Got news that one of my plays will be done at Brown University this summer. I’ll be in attendance, as the saying goes – hopefully to have much fun and answer zillions of questions. Questions are always good – as they help one to define things to oneself.
About a year ago, when I had gone to University Wisconsin Oshkosh, and had the privilige of getting to talk with students – on matters ranging from Drama through to political science. I came back, all fired up – having discovered how brilliant it felt to try to create the same passion that I have for writing, in others.
To this end I created a ‘In a Perfect World – Here is the Course that I would Try to Teach.’
I thought it might be interesting, and help to convey a glimpse of my approach to Theatre, and writing in general.
How would you respond to a course detailed as follows:
Learn How to Make Elephants Fall Out of Cupboards
I think theater ought to be theatrical … you know, shuffling the pack
in different ways so that it’s — there’s always some kind of ambush
involved in the experience. You’re being ambushed by an unexpected word,
or by an elephant falling out of the cupboard, whatever it is.
The overall objective is to help students create theatre that doesn’t suck.
“I can sum up none of my plays. I can describe none of them, except to say:
That is what happened. That is what they said. That is what they did.”
While looking at a few key playwrights work, mainly Pinter’s ‘The Birthday Party’,
Dennis Potter’s ‘Brimstone and Treacle” and ‘The Singing Detective” among others,
the primary focus is about constant writing, and constant ongoing discussion of
students work, in order to get students used to the ability to create imaginative
This course isn’t about ‘how to make the perfect one-act or three act play –
and it certainly isn’t about passively studying other playwrights or thematic
structures, in order to ‘duplicate’ their styles.
This is a course from the perspective of a non-academic working playwright,
who wants students to have the courage to find their own voice, get used to
creating their own theatrical worlds, inhabited by their own characters,
and tell their own unique stories along the way – and achieve creative satisfaction.
“A bad act done will fester and create in its own way. It’s not only goodness
that creates. Bad things create. They have their own yeast. ”
The course is about practical construction of genuinely interesting stories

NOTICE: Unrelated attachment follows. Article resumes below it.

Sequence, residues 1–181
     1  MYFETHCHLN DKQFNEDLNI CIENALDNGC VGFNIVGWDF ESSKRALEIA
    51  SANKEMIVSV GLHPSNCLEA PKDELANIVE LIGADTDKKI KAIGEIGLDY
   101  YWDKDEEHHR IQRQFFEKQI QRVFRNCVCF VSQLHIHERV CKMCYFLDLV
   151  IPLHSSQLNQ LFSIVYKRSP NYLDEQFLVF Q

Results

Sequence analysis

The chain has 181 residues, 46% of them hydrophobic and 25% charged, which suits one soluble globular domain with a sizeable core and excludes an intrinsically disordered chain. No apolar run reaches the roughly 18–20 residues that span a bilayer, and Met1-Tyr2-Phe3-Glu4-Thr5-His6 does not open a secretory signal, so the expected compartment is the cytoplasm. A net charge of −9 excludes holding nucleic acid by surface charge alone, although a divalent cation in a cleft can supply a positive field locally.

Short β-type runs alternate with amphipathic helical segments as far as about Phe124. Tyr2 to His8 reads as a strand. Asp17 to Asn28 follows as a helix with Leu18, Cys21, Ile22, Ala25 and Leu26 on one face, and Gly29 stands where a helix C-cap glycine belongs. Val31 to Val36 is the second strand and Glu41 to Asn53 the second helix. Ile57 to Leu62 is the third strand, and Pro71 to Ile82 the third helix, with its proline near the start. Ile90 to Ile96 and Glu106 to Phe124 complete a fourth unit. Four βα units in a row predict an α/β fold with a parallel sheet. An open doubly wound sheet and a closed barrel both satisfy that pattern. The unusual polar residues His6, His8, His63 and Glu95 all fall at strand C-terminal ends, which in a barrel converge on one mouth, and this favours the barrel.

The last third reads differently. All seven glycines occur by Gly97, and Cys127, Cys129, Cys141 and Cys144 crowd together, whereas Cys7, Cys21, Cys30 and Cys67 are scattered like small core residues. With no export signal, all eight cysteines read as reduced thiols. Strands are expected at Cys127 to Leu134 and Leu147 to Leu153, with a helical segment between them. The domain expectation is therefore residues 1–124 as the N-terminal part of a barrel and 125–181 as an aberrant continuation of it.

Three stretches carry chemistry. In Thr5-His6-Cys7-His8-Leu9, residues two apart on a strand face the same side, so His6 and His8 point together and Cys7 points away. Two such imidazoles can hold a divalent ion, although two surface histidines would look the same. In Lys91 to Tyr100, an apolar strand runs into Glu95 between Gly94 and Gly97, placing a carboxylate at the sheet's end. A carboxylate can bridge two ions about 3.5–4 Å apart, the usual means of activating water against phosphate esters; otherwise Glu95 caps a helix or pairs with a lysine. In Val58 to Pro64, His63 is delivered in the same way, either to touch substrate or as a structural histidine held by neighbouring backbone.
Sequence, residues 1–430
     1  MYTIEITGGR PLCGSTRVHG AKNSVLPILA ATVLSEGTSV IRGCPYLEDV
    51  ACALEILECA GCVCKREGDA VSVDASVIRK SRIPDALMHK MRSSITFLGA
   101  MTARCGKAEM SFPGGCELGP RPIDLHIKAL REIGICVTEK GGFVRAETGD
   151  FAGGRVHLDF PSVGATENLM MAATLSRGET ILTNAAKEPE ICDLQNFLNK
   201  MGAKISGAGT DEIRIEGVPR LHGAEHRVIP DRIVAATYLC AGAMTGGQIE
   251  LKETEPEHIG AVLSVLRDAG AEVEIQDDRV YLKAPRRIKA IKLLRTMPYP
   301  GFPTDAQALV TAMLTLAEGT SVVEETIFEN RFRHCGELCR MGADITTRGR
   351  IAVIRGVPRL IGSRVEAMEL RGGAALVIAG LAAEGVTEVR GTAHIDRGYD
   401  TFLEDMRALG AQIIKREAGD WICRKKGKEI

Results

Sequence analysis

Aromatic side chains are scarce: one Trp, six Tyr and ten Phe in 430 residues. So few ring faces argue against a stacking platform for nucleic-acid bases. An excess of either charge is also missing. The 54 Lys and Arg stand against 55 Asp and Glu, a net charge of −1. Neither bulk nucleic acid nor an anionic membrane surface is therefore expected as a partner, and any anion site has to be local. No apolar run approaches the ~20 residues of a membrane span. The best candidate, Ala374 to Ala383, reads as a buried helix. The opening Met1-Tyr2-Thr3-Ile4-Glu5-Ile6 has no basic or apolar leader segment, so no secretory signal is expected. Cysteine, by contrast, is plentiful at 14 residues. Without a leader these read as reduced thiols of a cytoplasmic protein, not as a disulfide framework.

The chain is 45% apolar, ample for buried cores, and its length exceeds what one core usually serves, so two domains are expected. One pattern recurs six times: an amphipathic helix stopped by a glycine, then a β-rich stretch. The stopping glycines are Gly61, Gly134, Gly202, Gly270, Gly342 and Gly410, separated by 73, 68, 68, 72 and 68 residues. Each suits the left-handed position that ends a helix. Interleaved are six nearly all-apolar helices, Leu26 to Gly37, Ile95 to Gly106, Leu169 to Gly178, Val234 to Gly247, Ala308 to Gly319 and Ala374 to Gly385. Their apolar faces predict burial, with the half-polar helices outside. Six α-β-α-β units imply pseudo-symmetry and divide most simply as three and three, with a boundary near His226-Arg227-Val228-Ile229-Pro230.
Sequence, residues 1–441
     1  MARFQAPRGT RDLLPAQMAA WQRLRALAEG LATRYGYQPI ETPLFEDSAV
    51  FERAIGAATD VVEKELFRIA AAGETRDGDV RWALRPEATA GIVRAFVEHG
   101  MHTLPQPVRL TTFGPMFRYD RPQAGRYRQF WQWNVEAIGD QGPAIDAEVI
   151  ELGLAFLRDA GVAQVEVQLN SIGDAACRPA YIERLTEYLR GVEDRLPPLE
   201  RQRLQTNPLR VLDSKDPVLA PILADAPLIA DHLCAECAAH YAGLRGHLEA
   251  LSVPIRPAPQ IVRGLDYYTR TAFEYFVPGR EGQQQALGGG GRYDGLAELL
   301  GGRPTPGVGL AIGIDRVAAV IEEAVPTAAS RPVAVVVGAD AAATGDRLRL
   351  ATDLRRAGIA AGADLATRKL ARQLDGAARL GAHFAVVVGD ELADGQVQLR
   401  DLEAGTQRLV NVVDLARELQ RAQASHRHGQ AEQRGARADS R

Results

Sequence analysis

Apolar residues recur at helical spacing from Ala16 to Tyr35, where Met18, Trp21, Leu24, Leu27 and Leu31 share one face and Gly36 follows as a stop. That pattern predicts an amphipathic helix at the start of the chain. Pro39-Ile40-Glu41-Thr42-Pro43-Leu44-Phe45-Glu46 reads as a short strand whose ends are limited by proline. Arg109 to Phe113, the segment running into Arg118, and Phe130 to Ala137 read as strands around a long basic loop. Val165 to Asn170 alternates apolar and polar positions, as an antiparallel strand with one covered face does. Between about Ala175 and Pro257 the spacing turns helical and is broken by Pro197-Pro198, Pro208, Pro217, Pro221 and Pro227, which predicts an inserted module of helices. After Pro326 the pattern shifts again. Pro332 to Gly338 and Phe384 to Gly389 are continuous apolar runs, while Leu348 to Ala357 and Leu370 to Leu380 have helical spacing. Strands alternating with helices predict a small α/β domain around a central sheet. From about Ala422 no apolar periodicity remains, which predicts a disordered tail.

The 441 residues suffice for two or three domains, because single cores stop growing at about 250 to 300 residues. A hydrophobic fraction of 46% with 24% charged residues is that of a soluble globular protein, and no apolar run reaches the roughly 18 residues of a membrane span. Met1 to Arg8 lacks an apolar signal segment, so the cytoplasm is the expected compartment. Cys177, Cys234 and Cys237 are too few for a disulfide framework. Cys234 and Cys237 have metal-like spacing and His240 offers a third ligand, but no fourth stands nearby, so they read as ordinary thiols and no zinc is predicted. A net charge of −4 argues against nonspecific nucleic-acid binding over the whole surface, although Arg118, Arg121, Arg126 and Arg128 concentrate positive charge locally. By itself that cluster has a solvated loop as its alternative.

for theatre, and interesting characters, and creating drama and conflict
and seeing how they play out.
This course does NOT work on the idea that ‘good work’ or ‘quality work’
means teaching how to create material that must be geared towards
commercial success, or be acceptable to corporate entertainment industries.
“You have to assert something about yourself in order to be yourself.”
Theatre is an art form, a creative craft. Therefore, what matters to me,
is the strength of the unique vision of the individual student, combined
with their increasing ability to create and sustain interesting theatrical stories.
And while there are courses which will teach students the techniques to
automatically churn out generic script material that don’t push boundaries
in any real way – this course isn’t one of them.
As I believe that good Theatrical stories should be indistinguishable from
the dialog and storylines of high (and sometimes low) quality Film, there
will also be continual showings and discussion of a wide range of world cinema –
examining the storylines and unpredictable conceptual approaches of many
of the rarely seen cutting edge ‘genre-blurring’ films from parts of Asia
– as well as European cinema, past and present.
In addition, as British playwright Dennis Potter chose to write primarily for television,
there will be a number of his works shown and discussed, in order to demonstrate
what is conceptually possible for the potential playwright, to create, within the
borders and constrictions of mainstream media.
As this is not a passive course, a constant requirement for students, will be to
produce a minimum of two pages of a dialog scene for each class – on a theme that
will be provided, as well as a weekly requirement to produce a 5 page script,
as well as a monthly 10 page ‘play’.
This may appear excessive, but the object is to train students into ‘doing the work’
and teaching them the personal discipline of putting words on paper.
Every student submission, both short and long, will be reviewed and comments given,
and the most interesting work, will be acted out – in order to get students
trained into the differences between their own internal voice, when creating
dialog, and the voices of others, when speaking their words
– and that’s as far as I got. Naturally, this was interrupted by my urge to get writing.
Which I did.
In the last year – to give an idea of how my approach works – and keep in mind that I
consider this to be woefully insufficient, I’ve written:
3 full length plays, 2 ten minute plays, and an 800 page novel.
I hope to do better in 2009.